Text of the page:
“Bite-Size Bits of Local, National, and Global History”
“Bite-Size Bits of Local, National, and Global History”
Columbus in Franklin County, Ohio — The American Midwest (Great Lakes)

The Spirit of ’98

Freedom • Patriotism • Humanity

The Spirit of ’98 Marker image. Click for full size.
By J. J. Prats, July 12, 2008
1. The Spirit of ’98 Marker
Inscription. Click to hear the inscription.  
Erected by the State of Ohio to the honor and memory of the Ohio veterans of the Spanish-American War, Philippine Insurrection and the China Relief Expedition.

1898 — 1920

“The cause which triumphed through their valor will live.”

(north-facing tablet)
United • Spanish War Veterans, 1898–1902 • Cuba, Philippine Islands, Porto Rico, U.S.A.

The Republic is secure so long as we continue to honor the memory of its defenders.

(south-facing tablet)
United Spanish War Veterans Memorial Commission appointed by Governor Vic Donahey. Authorized by the 87th General Assembly of Ohio.

Carmi A. Thompson • Charles F. Thompson • Ralph H. Carroll • Frank Auth • Thomas W. Jones • Frank D. Henderson • George F. Schlesinger • Ernest P. Hazard • George M. Forney

“We make immortal the principles for which they contended.” —Edward S. Matthian, Commander, Department of Ohio, United Spanish War Veterans.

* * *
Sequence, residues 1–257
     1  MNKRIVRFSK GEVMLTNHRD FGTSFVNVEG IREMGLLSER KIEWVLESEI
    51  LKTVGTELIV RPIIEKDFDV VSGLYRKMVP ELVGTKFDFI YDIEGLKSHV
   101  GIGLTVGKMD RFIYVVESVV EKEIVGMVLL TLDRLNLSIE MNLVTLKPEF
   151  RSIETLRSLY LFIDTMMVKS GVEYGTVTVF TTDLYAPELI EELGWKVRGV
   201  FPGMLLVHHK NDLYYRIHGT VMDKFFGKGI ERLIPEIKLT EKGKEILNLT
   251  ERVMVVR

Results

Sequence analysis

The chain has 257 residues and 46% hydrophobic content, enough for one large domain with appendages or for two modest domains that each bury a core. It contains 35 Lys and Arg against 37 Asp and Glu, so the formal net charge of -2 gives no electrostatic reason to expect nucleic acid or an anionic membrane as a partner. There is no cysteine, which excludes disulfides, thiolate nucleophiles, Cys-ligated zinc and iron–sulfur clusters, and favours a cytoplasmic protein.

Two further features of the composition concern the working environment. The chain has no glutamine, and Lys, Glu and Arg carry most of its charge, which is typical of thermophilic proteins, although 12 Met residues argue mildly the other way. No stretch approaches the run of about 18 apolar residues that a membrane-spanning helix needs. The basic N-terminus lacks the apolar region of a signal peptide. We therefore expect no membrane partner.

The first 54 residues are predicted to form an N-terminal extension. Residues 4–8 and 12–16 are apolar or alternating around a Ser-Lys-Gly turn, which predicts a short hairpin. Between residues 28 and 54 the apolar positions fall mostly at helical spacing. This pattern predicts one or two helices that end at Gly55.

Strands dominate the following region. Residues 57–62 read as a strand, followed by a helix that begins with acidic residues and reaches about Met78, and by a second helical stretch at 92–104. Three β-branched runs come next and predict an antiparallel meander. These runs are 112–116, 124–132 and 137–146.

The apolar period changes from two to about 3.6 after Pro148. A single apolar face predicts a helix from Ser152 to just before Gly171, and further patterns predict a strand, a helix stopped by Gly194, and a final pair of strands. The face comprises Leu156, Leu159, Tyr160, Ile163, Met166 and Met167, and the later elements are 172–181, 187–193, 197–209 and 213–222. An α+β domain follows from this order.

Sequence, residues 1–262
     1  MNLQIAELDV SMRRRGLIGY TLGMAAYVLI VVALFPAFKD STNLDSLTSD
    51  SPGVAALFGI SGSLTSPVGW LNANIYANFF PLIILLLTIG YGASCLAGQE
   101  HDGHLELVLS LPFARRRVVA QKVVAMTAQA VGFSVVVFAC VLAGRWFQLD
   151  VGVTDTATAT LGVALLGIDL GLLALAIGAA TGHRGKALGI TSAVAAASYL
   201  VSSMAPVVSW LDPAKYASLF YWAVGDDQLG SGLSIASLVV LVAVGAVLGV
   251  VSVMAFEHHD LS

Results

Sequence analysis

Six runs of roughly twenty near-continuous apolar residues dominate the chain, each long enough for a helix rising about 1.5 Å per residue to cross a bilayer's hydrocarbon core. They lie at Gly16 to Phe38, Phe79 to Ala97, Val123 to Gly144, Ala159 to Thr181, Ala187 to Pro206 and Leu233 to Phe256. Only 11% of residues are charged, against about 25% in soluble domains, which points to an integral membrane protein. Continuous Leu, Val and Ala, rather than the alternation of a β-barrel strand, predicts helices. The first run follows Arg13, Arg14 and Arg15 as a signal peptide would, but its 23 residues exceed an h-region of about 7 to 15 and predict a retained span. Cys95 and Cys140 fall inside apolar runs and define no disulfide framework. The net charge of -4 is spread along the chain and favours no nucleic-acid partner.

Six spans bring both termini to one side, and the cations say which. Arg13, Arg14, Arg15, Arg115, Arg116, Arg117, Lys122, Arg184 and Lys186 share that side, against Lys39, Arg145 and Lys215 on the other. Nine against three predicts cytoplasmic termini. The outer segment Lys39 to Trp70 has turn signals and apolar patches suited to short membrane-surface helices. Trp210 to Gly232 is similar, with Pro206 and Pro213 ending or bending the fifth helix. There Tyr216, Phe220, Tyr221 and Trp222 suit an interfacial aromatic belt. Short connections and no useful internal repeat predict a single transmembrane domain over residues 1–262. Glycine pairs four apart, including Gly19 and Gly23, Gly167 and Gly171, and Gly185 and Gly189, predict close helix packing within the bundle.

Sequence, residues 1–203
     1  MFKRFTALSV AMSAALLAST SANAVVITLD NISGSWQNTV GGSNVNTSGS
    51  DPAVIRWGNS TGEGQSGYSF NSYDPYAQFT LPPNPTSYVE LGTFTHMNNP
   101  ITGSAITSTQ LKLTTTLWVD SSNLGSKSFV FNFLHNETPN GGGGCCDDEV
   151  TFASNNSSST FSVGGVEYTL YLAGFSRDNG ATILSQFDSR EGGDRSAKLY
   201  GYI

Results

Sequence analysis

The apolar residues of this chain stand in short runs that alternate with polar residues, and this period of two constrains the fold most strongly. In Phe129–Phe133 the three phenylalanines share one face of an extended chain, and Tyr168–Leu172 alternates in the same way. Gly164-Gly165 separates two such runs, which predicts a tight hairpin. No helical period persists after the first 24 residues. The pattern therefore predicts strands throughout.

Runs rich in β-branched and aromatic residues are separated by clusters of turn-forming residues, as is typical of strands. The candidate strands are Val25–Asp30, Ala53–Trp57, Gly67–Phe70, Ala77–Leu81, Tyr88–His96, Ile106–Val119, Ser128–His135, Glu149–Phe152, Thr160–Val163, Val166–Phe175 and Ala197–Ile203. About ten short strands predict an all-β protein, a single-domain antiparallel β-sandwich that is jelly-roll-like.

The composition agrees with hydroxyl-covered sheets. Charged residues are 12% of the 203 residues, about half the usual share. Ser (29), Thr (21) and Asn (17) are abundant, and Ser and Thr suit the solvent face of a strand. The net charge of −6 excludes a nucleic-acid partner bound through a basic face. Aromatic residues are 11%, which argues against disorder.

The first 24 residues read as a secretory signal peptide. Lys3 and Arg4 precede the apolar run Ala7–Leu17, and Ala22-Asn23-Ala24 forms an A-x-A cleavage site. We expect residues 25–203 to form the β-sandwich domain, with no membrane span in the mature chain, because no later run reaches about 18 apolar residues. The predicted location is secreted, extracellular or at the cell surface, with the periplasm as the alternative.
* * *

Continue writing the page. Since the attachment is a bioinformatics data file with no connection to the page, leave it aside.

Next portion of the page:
Erected 1928 by United Spanish War Veterans Memorial Commission (Ohio).
Location. 39° 57.661′ N, 82° 59.971′ W. Marker is in Columbus, Ohio, in Franklin County. Marker can be reached from High Street south of Broad Street (U.S. 40). Touch for map. Marker is on the grounds of the Ohio State House (Capitol), near the Columbus Monument. Marker is in this post office area: Columbus OH 43215, United States of America.
Other nearby markers. At least 12 other markers are within walking distance of this marker. Theodore Roosevelt Memorial Oak (a few steps
The Spirit of ’98 Monument image. Click for full size.
By J. J. Prats, July 12, 2008
2. The Spirit of ’98 Monument
from this marker); Columbus Monument (within shouting distance of this marker); Ohio World War Memorial (within shouting distance of this marker); William McKinley (within shouting distance of this marker); Here Stood Lincoln (within shouting distance of this marker); “These Are My Jewels” (about 300 feet away, measured in a direct line); The State House (about 300 feet away); Ohio in the Civil War / Defending Ohio (about 300 feet away); Columbus City Hall (about 300 feet away); The Ohio Theater (about 300 feet away); United Mine Workers of America (about 300 feet away); Peace (about 400 feet away). Touch for a list and map of all markers in Columbus.
Regarding The Spirit of ’98. Chronology of the Spanish-American War. From the Library of Congress “The World of 1898: The Spanish-American War” website.

1868, 10 October. Carlos M. Céspedes issued the Grito de Yara and initiated the Ten Years' War in Cuba (1868-1878), the independence movement that served as the forerunner of the 1895 Insurrection and the Spanish American War.
1887, March. Publication in Berlin, Germany, of Noli Me Tangere (Touch Me Not) by José Rizal, the Philippines’ most illustrious son, awakened Filipino national consciousness.